Atezolizumab for Urothelial Carcinoma and Non-Small Cell Lung Cancer
The FDA approved atezolizumab (Tecentriq) to treat advanced or metastatic urothelial carcinoma on May 18, 2016, and metastatic non-small cell lung cancer (NSCLC) on October 18, 2016. Atezolizumab was approved for patients with either of these cancers who experience worsening of their disease during or after treatment with platinum-based chemotherapy. However, those with NSCLC who have epidermal growth factor receptor (EGFR) and anaplastic lymphoma kinase tumor (ALK) aberrations should first fail appropriate therapies before starting atezolizumab.1 Patients with urothelial cancer or NSCLC who have recurrence of their cancer after treatment have very poor prognosis. Both urothelial cancer and NSCLC cells express programmed death ligand 1 (PD-L1), a transmembrane protein. PD-L1 binds to programmed death 1 (PD-1) on the surface of T lymphocytes, which inhibits cytotoxic T-cell activity, T-cell proliferation, and cytokine production.1 Atezolizumab works by binding and inhibiting the action of PD-L1 which allows the immune system to help eradicate the cancer. Atezolizumab is a first-in-class medication and the only FDA-approved drug that targets PD-L1. It is also the first new drug in two decades that may be used to treat bladder cancer.
Atezolizumab was approved for urothelial carcinoma based on the results of the IMvigor 210 study.2 IMvigor 210 was an open-label, multicenter, single-arm, phase 2 trial that enrolled 315 patients with inoperable locally advanced or metastatic urothelial carcinoma in which the cancer was progressing following platinum-based chemotherapy. Three hundred and ten patients received 1200 mg atezolizumab given IV on day 1 of a 21-day cycle. Efficacy was assessed by an independent review of a facility-assessed overall response rates (ORR) (according to Response Evaluation Criteria in Solid Tumors v1.1) and an investigator-assessed ORR dependent on immune-modified RECIST.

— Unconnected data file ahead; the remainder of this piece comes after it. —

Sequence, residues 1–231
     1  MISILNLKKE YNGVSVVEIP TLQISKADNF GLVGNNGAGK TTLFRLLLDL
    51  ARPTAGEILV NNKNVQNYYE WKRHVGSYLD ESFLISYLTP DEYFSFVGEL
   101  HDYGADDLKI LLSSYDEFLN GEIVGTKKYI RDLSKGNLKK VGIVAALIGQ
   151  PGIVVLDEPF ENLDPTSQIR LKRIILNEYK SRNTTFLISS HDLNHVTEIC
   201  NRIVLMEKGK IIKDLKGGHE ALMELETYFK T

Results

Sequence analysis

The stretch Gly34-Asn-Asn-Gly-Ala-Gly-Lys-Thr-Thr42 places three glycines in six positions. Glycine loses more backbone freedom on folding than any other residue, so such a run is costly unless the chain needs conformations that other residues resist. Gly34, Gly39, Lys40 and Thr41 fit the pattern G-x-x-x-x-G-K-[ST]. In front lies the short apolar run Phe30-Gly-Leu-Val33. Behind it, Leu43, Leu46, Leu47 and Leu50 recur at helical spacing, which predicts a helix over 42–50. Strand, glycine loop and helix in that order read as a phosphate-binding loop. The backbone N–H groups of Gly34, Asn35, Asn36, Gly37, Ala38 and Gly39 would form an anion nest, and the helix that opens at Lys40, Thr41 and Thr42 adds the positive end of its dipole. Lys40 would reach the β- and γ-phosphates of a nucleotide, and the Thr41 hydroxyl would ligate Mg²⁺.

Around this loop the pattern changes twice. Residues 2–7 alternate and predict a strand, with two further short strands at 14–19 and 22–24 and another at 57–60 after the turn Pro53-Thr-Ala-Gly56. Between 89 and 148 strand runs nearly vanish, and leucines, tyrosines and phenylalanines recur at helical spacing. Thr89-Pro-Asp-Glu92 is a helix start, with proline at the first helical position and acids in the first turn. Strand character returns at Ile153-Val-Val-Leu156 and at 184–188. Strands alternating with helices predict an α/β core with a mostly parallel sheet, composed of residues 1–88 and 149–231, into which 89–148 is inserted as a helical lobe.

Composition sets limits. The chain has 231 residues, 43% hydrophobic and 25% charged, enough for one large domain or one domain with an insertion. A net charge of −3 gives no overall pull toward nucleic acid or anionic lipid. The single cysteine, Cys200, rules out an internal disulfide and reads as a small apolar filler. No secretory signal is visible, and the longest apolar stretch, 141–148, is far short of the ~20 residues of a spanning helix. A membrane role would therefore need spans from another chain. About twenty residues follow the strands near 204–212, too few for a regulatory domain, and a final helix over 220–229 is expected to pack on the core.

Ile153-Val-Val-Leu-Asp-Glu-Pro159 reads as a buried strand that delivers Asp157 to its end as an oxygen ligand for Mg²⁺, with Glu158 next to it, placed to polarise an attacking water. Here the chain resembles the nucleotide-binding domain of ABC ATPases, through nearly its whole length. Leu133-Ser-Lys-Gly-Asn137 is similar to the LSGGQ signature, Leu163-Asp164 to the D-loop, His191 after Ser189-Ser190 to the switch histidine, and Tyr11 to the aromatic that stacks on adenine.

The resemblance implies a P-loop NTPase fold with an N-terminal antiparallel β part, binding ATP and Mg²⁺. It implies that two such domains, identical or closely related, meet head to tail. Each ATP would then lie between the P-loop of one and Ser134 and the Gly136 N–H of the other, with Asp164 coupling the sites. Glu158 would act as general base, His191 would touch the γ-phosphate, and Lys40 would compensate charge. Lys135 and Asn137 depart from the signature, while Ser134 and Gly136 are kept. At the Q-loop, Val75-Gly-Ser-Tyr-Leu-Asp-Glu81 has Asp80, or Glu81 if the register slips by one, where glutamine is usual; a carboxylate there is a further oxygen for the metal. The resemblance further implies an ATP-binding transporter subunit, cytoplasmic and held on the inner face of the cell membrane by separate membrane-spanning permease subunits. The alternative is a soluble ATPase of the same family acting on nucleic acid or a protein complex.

The IMvigor 210 study found that 15% of patients responded to treatment with atezolizumab (95% confidence interval [CI], 11-20, p=0.0058): 5% of all patients achieved complete response (CR) and 10% achieved partial response (PR).2 The median duration of response was not determined despite a median follow-up time of 11.7 months. A subgroup analysis using modified RECIST criteria found patients who displayed ≥5% expression of PD-L1 in tumor infiltrating cells had better outcomes with atezolizumab than those with <5% PD-L1 expression. One hundred patients with ≥5% expression had an ORR of 27%, with CR 8% and PR 19% (95% CI, 19-37, p<0.0001), whereas 107 patients with ≥1% but <5% expression had an ORR of 17%, with CR 6% and PR 11%. The remaining 103 patients with <1% expression had an ORR of 13%, with CR 2% and PR 11%.
Atezolizumab was approved to treat NSCLC based on results of both a phase 2 study (POPLAR, n=287) and a phase 3 study (OAK, n=850).3 These international, multicenter, open-label studies randomized patients with advanced or metastatic NSCLC patients who progressed after previous treatment. In a 1:1 ratio patients were assigned to receive either 1200mg IV atezolizumab or 75mg/m2 IV docetaxel.4 In each case the infusion was given once every 3 weeks and both studies used overall survival (OS) as their primary endpoint.